Building a treehouse is a brilliant way of getting your kids out of the house and into the great outdoors, providing them with their own special hideaway to play out adventures from. It also makes a fun project for adults and a great way of putting one’s DIY skills to the test.
However, building a treehouse also isn’t something that should be attempted on a whim – as well as taking time and effort to build, they also require thorough planning. Here is a brief guide to help you along the way.
Choose your tree
Picking the right tree is paramount. The tree needs to be sturdy enough that it doesn’t collapse – ideally not too young or too old. Check that the plant is well-rooted into the ground and that the branches and trunk are thick and secure. The tree can be leaning slightly, but obviously not too much. You should also be wary of trees that are diseased or have evidence of parasites such as wormrot.
Oaks, maples, firs, beeches and ashes are among some of the best trees for the job. If you’re unsure, it may be worth getting the opinion of an arborist or a tree surgeon.
Get planning permission
Once you’ve selected your tree, you’ll need to get planning permission. Gone are the days when you could just build a treehouse anywhere – as of 2009 all treehouses require you to pay for planning, including detailed drawings. There have been many recent cases of unlicensed treehouses being ordered to be ripped down by the council, so make sure you’ve got permission. You should also check that the decision is okay with your neighbours – you don’t want to be sued for blocking sunlight to their garden or breaching privacy.
Choose your design
Before you roll your sleeves up and start hammering at nails, you’ll need to have a detailed plan of what your treehouse is going to look like – both for planning permission, and so that your treehouse stands the test of time. You may have something elaborate planned – be realistic and work within your means.
First choose your support method. Will your treehouse be bolted into the tree or will it be suspended from a cable or rope? Or will it built on posts fixed into the ground (this is by far the sturdiest method).
Next choose your access method – this could be a ladder or stairs. Stairs are by far the safest option, but trickiest to build. You could even fit a net or rope ladder.
Take into account how the branches and trunk will join your house. You should also remember to leave enough room for tree growth. Allow some space around the trunk for growth so that your treehouse isn’t warped over time.
Choose your materials
The materials you use should be carefully selected. Hardwoods and strong artificial timber bought from any building supplier are good for the foundation and frame (although make sure the frame’s wood is not too heavy so that the tree can hold it). Exterior plywood makes a good material for any decking or walls, as it is durable and waterproof. Felt paper or tar paper meanwhile makes a good material for the roof.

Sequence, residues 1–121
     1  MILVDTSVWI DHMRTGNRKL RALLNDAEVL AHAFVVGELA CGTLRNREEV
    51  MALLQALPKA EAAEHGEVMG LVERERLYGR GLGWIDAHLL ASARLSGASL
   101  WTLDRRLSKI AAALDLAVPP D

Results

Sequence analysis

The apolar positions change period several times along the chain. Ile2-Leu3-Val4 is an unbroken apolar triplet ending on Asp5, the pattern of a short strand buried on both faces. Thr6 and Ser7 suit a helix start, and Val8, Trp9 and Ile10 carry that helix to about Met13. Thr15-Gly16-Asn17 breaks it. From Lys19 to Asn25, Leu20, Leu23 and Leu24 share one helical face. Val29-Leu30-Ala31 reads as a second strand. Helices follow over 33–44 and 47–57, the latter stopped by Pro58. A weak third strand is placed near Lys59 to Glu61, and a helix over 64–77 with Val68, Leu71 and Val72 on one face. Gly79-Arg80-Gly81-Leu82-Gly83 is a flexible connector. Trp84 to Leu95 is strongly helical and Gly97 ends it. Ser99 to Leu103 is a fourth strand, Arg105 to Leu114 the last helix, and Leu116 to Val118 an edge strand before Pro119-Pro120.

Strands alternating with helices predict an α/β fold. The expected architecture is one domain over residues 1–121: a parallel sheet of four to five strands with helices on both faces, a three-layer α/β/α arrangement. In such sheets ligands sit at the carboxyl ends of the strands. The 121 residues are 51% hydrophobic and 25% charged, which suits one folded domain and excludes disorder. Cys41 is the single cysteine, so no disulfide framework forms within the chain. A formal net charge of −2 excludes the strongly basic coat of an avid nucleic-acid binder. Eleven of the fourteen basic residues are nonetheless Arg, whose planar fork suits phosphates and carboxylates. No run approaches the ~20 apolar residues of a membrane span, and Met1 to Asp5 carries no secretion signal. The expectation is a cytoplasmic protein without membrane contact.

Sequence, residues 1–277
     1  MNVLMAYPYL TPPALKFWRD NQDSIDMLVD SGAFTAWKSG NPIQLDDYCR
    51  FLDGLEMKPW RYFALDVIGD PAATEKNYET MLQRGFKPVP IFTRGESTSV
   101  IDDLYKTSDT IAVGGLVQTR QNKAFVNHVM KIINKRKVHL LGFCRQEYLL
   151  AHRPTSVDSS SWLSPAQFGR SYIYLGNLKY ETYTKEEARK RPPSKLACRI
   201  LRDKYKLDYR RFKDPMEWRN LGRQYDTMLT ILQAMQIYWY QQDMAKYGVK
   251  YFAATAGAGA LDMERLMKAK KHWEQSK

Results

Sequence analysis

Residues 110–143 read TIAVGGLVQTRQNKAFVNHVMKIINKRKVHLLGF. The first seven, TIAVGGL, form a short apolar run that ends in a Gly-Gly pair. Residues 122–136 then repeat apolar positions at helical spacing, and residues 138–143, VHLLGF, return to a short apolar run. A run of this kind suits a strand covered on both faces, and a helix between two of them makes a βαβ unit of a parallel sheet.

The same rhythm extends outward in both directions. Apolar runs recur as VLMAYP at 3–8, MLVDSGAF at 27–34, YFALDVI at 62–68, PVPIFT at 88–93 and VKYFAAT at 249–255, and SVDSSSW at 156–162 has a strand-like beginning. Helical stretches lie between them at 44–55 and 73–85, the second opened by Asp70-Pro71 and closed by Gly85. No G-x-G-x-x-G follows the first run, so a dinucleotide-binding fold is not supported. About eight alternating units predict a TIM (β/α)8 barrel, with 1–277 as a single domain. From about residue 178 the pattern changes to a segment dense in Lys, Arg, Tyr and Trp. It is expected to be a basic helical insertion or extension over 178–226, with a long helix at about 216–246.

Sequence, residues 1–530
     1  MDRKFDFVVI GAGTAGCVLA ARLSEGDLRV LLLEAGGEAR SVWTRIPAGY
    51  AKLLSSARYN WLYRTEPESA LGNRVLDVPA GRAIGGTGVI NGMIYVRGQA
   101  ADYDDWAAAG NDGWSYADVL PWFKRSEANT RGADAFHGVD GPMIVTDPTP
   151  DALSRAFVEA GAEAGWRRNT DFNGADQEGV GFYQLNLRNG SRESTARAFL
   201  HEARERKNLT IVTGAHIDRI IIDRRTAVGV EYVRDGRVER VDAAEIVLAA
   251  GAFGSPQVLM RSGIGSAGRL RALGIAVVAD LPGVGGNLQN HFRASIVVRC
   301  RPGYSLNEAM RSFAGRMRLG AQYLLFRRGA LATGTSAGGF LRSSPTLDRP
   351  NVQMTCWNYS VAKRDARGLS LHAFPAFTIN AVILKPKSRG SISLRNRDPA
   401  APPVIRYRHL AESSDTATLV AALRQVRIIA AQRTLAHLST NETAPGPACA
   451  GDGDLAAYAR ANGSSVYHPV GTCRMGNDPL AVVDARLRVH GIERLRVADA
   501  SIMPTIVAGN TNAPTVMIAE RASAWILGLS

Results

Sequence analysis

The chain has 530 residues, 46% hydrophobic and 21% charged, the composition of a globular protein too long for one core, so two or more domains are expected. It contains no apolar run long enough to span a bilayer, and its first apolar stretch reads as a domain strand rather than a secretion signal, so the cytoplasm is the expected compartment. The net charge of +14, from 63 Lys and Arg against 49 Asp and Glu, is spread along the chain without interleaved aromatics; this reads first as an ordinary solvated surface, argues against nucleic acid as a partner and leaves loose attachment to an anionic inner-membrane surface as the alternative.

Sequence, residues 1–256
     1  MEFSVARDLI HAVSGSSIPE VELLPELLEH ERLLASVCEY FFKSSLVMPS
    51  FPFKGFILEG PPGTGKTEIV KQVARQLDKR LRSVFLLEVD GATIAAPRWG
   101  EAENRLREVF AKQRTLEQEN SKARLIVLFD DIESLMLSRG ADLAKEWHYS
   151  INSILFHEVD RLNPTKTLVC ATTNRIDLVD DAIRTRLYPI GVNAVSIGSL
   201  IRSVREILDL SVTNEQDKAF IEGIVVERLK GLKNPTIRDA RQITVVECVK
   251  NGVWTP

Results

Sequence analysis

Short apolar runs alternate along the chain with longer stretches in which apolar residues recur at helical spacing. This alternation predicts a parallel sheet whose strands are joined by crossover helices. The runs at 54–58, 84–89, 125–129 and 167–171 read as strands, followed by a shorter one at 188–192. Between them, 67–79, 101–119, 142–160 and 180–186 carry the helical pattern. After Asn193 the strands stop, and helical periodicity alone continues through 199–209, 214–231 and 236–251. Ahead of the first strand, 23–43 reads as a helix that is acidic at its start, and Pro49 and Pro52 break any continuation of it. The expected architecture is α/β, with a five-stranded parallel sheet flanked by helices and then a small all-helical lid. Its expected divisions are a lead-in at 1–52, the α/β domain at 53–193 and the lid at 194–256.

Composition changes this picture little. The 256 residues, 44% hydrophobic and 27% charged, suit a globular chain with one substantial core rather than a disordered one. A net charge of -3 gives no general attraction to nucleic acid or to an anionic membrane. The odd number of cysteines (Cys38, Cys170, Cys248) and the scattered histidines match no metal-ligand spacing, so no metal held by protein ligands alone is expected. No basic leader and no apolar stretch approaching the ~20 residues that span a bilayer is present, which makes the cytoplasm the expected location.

Decide how you will join the wood together. For this you could use nails or strong adhesives (you can find an example of such building glues at Kenyon Group). Rafter ties could also come in handy.
Building the foundations and frame
The foundation and frame need to be secure. Many will build their treehouse around a v-shape in between two branches – this offers a very stable base for the platform. That said, you should make sure the platform isn’t two high off the ground – not only do you have to get up there and build it, your kids will be playing up there and you don’t want them falling from a height that could seriously injure them.
Creating a grid out of beams is the strongest method of support – from here you can add the decking. This is done by placing beams perpendicular to one another, secured ideally by rafter ties.
Feel free to add in extra braces – your treehouse can never be too secure.
Lay the decking
Now you can start laying the decking on top your frame. Nail it in with 4” deck screws – this will ensure that the decking is secure (you don’t want loose floorboards!). Account for where the tree comes through the decking. You should also make sure floorboards aren’t directly touching one another – they will shrink and swell in different climates.
Add safety features
Once this is laid out, you should ideally think about building some form of railing or walls so that the kids can’t fall and injure themselves. These should be made of an equally study material that can’t be rocked or pushed. You can fill out windows with Perspex, if you don’t want kids climbing out, or make sure that there is decking outside the window to fall onto.
Other safety features you can add to your treehouse include a safety net. This can be made out of rope and will ensure your kids do not fall and hurt themselves. Alternatively you can put down matts to cushion any fall, but make sure that these are waterproof so that they don’t wear or result in springs popping out.
Place the finishing touches
From here you can put in your ladder or stairs (it’s best to put this in last so that your kids don’t try to sneak up whilst unfinished). You can also add any roofing – this can be secured down with bungee cord. Some people may wish to paint and varnish the treehouse at this point, although you may want to just leave it looking rustic. Make sure any sharp edges and rough surfaces are sanded down.
You can add other features to personalise you treehouse from here, or you can leave this to the kids. Remember to constantly check the treehouse to make sure that weathering or tree growth hasn’t made it unsafe. Given that you’ve probably grown attached to your treehouse by now, you’ll probably be finding any excuse to go up there and play with the kids.